Eco-Coach

Green your life at home, work & play

New online tool helps businesses track impacts through their supply chain May 2, 2012

You want your company to improve its community and eco-image and along with that, you want to know what your suppliers are doing to spiff up theirs as well.  It can be a large investment of time to read through every company report – annual, sustainability, CSR – wading through the rhetoric, not to mention dozens of corporate rating and ranking lists of best and worst performers to find out.  But now there is a much faster way to get an understanding from multiple angles of just how responsible those companies are by using CSRHUB*.  This new service offers free and subscriber options for accessing social and environmental ratings based on a wide array of sources to achieve a more unbiased view of a company’s performance.

While still in development stages, CSRHUB has ratings for about 5000 companies worldwide so far.  The ratings are based on four scales – community, employees, environment, and governance.  Ranked search results by industry are based on your settings for the four adjustable scales depending on how you value each.  There are also special issues of concern (accessible with a paid subscription) to use in further filtering results, such as nuclear power connections, board diversity, and involvement with pesticides/pollutants.  Also with a subscription, users can save search results and export them in spreadsheet format.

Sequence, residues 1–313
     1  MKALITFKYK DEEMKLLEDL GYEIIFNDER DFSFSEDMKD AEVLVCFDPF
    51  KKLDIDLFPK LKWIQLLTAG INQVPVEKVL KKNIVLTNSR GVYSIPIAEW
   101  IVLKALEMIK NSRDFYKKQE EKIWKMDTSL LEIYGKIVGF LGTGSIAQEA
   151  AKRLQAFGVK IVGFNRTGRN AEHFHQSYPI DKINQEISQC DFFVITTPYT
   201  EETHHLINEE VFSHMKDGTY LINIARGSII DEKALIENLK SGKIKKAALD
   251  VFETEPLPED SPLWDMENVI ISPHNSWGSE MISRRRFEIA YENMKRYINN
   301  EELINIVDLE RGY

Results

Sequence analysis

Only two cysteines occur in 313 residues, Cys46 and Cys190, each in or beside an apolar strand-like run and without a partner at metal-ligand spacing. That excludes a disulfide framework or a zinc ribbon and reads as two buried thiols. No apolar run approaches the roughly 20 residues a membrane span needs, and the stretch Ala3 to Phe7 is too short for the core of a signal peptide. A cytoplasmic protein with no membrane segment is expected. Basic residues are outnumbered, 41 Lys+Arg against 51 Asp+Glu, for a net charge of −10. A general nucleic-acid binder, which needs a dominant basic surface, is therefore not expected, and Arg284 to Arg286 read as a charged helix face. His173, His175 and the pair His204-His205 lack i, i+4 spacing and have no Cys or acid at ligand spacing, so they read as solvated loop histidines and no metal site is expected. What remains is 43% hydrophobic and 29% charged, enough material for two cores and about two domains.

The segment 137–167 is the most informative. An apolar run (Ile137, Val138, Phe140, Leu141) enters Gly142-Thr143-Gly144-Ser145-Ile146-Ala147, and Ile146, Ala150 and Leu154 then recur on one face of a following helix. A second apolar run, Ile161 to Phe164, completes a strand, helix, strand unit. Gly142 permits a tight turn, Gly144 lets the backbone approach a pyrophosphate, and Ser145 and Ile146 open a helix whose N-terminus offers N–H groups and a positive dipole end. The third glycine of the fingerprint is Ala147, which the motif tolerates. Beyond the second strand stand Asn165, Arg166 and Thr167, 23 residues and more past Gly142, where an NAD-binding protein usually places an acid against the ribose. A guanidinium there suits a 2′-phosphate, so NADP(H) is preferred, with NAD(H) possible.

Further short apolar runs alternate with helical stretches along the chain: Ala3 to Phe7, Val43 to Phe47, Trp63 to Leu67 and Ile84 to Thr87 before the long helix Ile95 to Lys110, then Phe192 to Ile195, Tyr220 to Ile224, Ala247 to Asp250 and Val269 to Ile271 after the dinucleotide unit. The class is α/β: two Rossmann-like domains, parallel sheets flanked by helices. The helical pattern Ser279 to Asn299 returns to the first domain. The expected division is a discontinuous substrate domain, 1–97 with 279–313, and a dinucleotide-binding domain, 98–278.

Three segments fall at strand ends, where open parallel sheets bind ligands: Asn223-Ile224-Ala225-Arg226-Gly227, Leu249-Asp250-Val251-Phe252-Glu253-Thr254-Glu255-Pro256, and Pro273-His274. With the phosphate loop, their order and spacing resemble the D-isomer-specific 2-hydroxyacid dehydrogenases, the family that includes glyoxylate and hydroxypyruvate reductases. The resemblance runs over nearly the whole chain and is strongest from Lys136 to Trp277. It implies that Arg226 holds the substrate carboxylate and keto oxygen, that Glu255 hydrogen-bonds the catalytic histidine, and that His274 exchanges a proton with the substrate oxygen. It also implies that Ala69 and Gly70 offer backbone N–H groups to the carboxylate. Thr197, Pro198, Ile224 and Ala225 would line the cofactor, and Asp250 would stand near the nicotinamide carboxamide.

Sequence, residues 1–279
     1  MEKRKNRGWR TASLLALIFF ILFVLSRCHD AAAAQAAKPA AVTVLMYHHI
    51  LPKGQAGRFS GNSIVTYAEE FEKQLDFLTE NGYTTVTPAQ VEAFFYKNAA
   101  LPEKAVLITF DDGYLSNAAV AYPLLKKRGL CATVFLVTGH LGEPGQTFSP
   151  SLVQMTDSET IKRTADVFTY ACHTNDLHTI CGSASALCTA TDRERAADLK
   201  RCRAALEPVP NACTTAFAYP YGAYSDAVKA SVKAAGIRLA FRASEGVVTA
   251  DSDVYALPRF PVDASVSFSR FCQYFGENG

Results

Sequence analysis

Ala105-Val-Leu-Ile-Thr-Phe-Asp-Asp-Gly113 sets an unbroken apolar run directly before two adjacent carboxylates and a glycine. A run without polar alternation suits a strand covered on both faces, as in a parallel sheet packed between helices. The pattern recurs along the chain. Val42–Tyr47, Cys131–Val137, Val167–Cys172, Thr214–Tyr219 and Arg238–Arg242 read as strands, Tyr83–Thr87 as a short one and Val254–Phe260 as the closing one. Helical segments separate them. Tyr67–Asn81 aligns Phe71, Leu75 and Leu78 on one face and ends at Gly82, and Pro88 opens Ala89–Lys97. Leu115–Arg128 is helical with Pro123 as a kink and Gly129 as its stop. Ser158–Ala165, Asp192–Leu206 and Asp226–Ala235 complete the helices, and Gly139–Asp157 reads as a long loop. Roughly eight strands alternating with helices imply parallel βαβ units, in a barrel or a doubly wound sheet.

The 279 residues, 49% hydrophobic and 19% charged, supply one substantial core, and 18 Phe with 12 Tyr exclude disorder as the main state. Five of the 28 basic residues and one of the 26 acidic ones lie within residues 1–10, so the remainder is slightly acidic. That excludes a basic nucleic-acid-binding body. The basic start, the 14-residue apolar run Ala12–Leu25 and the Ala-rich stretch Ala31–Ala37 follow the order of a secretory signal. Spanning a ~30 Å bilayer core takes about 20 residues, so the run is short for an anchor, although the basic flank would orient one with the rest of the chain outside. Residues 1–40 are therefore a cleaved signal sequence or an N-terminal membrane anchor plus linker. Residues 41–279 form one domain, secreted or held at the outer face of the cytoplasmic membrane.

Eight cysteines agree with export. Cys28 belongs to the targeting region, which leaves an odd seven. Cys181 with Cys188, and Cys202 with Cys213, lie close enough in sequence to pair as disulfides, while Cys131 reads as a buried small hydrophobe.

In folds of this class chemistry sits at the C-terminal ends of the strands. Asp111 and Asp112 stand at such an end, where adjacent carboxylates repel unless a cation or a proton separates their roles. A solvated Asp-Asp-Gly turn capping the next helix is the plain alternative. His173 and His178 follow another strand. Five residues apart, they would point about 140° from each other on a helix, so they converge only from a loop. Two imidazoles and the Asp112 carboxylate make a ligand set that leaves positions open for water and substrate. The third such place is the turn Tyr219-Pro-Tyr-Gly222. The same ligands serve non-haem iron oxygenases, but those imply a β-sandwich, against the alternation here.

The CSRHUB site is set up so that you can go directly to a particular company’s rating page or you can search for groups of companies by industry, region or data source.  They currently have over 130 sources that they access for data to consider when rating a company.  These range from the Calvert Social Index to EPA Climate Leaders list to Working Mother magazine’s list of mother-friendly companies.  The entry for each company (when accessing the database as a subscriber) lists basic contact information, their overall and individual scale ratings (based on your preference settings), sources of data that were used in determining their rating, ratings history (graphically by month), and optional reports to purchase.  There are also typically links to recent articles pertaining to CSR topics where the company was mentioned and even current job openings listed.

Access to the basic search and CSR ratings features are available without even registering for the service.  But by registering you get the added benefits of creating unlimited profiles and lists of companies.  These can be shared with other users as well.  Registering also allows you to post to their discussion forums.  For those who want more access to the large amount of data and ratings (segregated into 12 subcategories) on CRSHUB, subscriptions on a personal or professional level are available.  Personal level access can be purchased on a monthly or annual basis for as little as $8/month.  A chart of the features by subscription status is available.

And have no doubt that they embrace their mission fully—CSRHUB recently elected to become a B Corporation.  B Corp status is a relatively new legal designation for companies that do not want to be confined to the traditional corporate dictate of profit above all else.  Currently a handful of states have passed legislation to allow B Corp status with another handful considering such legislation.  From CSRHUB’s website: